Autism Watch: 2007

Social Skills: What’s really “normal?”

Posted on: December 11, 2007

I love to watch my son play. I love to listen to him talk. He’s happy, he’s innocent, and he’s so trusting, it breaks my heart at times. I think about what I want him to do versus what he wants to do, and wonder why I worry. Much of the time, he’s oblivious to his differences from others. That’s good, right?

I want to be like him — I want to not worry what others think. I want to wear my flannel ‘softs,’ those flannel pants that I love to lounge in but would never be seen in outside of my immediate family, and keep them on for a trip to Target, not caring what others think..and I mean really not caring what others think, to the point of not just ignoring funny stares but not even noticing them. I want to wear my fuzzy ear-covering sheepskin hat, favorite purple sweater, those flannel pants, and flip-flops, with the only thought about my clothes being just how darn comfy I am. I want to sing a song I heard that day (heard one time, if I want to really be like my son) and smile as I sing it, not worrying if others watch me. I want to delight in the sight of a bird hopping along next to me, then giggle as I startle it. I want to just enjoy the world, at my own level, smiling at others as I need to, but otherwise just being in my own world, no worries about being accepted or being unsocial. Sounds ideal, doesn’t it?

The fact that I can’t do those things doesn’t make me normal — it makes me envious. I think about how different my son is socially, and I want to make life easier for him, but can I do that without making him more aware of it?

Take the case of his birthday party. I invited his whole class of 21 other kids. Two came. On one hand, only two RSVPd, so it wasn’t like we had people flake. On the other hand, two came. (In reality, three came, but one is our close friend and would have been there whether or not he was in ds’s class.) The day before, the kids were telling him they didn’t want to come, yet they didn’t seem to be mean to him or disinterested when we celebrated his birthday at school. Yet, when he went back to school today, in all likelihood bugging his classmates about where they were and why they weren’t at his awesome party, several said they didn’t come because they didn’t want to come. So no only did they not come, but they had to be mean. Am I wrong to be disappointed that kids are so mean so young?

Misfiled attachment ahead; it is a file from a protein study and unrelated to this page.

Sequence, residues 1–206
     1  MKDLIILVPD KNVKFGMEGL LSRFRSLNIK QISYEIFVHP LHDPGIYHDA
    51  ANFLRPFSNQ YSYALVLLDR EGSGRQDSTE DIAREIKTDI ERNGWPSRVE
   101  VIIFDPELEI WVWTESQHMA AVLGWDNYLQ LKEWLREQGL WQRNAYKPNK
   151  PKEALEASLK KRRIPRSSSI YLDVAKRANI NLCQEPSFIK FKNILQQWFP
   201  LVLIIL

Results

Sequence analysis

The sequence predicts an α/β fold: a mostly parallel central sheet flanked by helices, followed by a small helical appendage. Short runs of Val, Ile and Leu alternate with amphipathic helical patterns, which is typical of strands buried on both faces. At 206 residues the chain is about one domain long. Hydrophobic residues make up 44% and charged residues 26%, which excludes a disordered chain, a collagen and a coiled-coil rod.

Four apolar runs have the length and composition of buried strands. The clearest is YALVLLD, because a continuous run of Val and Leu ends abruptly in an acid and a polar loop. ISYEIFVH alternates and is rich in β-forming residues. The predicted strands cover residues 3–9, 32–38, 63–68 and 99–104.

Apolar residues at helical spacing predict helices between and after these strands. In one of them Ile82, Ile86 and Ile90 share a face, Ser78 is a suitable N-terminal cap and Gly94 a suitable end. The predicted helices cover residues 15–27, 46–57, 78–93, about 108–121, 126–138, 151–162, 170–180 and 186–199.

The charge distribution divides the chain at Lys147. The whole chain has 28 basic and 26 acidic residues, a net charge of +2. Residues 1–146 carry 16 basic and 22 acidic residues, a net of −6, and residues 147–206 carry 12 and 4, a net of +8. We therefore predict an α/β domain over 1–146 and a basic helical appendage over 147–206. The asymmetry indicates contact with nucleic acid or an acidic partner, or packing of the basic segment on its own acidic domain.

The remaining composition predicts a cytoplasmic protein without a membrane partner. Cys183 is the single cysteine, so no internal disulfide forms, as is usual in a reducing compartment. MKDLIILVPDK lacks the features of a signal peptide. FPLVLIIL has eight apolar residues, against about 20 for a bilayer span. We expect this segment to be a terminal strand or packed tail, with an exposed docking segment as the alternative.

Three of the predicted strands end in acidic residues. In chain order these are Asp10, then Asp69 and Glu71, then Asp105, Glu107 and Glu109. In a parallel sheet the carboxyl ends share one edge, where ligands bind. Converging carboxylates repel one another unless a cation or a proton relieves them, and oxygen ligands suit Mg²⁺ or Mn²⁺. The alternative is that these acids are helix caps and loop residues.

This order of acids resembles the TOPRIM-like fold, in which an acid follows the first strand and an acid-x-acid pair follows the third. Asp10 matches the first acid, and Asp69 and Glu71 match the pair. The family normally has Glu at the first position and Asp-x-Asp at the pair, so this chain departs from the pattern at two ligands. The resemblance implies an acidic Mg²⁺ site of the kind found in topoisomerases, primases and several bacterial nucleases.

Often, I run into adults that don’t require their kids to be nice to my son. They allow their kids to ignore him as he yells hello, and they give us a pacifying “hello” as they run to their car, patting their child on the back to guide him/her to move along, away from ds. Sometimes I have to say “Joey, xx is saying hi to you, I don’t think you heard,” which sometimes, and only sometimes, inspires the parent to nudge their child to respond. I guess this is real life — not just a by-product of my son being autistic and ‘different’ — but it is disappointing. I’m trying to teach my son social skills: manners, politeness, courtesy, compassion, love for one another, and it’s hard in a world where the bar is so low anymore. Yet, it’s expected of my son on a daily basis though some don’t want to return it to him, and if he doesn’t act the ‘right’ way, they complain. It’s one of those things I will never understand, and I need to let go of it but it’s hard. “Social skills” may be a misnomer, because they’re under-appreciated and over-rated.

In the end, ds’s day was good. He did receive four (count ’em, four!!) awards at his school’s trimester ceremony, and he’s so very proud, as are dad and I. And we’re on night #4 of sleeping in his own bed. Things can be great, especially when you put it on their level and not our expectations. Enjoy your child’s ‘normalcy’ and don’t compare it to others’, as their own uniqueness is a gift.


1 Response to "Social Skills: What’s really “normal?”"

Your comments are so touching, as is the clear love you show for your child. For years I worked in a school as a therapist and running social skills groups, and I had many clients on the autistic spectrum, but I also got to work with the neuro-typical kids. One thing I found was that often the “mean” kids weren’t trying to be mean, they just interpreted my autistic clients’ different reactions and interactions as social rebuffs. In other words, the autistic child was thought to be “mean” and the other children reacted in kind. It’s still tough to see, but just may not be as cruel as it first appears. We’re all vulnerable in our own ways.

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